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Curr Opin Pharmacol. 2010 Jun;10(3):266-71. doi: 10.1016/j.coph.2010.04.010. Epub 2010 May 10.

Pharmacotherapy of severe asthma.

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1
Department of Pediatrics, Division of Allergy and Immunology, Duke University Medical Center, Durham, NC, USA.

Abstract

Severe asthma is a complex and heterogeneous phenotype where management can be challenging. While many patients with severe asthma respond to high-dose inhaled corticosteroids in combination with a long-acting beta-agonist, there remains a significant subset of patients that require oral corticosteroids to control symptoms. Alternative therapies are needed to help reduce the need for continuous oral corticosteroids; however, there are currently very few effective options. Several new alternatives to oral corticosteroids have been evaluated in severe asthma as add-on to conventional therapy. These include macrolide antibiotics, omalizumab, tumor necrosis factor-alpha inhibitors, cytokine receptor antagonists, and bronchial thermoplasty. The challenge with these entities is determining the appropriate phenotype of severe asthma where effectiveness is demonstrated, given the significant heterogeneity of the disease. Therefore, there is a crucial need to better understand the mechanisms and pathophysiology of severe asthma so more effective immunomodulators and biologic therapies can emerge.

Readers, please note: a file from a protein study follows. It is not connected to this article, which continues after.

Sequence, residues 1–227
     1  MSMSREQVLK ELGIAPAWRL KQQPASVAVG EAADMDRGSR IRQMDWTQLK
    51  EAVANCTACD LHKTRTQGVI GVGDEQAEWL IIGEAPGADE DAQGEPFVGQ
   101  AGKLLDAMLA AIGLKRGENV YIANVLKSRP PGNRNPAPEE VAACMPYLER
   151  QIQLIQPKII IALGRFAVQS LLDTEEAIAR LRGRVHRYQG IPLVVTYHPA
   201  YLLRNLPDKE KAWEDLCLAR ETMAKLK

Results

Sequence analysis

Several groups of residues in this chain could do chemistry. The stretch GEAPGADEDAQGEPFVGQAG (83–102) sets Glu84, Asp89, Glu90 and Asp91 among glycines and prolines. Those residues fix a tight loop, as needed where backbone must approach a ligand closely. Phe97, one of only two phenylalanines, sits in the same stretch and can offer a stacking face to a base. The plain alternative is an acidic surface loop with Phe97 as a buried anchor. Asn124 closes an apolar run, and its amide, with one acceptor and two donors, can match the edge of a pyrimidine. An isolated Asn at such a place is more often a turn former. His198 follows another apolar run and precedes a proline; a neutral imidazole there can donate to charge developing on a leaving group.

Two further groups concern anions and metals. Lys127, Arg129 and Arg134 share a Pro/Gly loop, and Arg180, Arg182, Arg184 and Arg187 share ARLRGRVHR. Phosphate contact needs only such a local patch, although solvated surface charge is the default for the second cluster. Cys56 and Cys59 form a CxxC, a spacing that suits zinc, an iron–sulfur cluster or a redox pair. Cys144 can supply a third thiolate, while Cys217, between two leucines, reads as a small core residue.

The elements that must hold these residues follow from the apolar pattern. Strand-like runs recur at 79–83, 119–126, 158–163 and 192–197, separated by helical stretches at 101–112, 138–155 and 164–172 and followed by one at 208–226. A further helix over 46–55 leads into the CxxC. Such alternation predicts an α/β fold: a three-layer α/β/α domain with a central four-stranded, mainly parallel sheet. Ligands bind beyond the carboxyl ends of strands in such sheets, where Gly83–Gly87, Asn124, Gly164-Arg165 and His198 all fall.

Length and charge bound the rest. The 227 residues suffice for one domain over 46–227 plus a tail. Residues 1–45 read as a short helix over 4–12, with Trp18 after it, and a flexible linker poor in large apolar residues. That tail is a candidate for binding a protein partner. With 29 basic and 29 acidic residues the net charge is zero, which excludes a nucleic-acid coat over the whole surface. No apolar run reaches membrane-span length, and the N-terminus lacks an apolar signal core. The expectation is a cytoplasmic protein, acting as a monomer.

PMID:
20462794
PMCID:
PMC4390052
DOI:
10.1016/j.coph.2010.04.010
[Indexed for MEDLINE]
Free PMC Article
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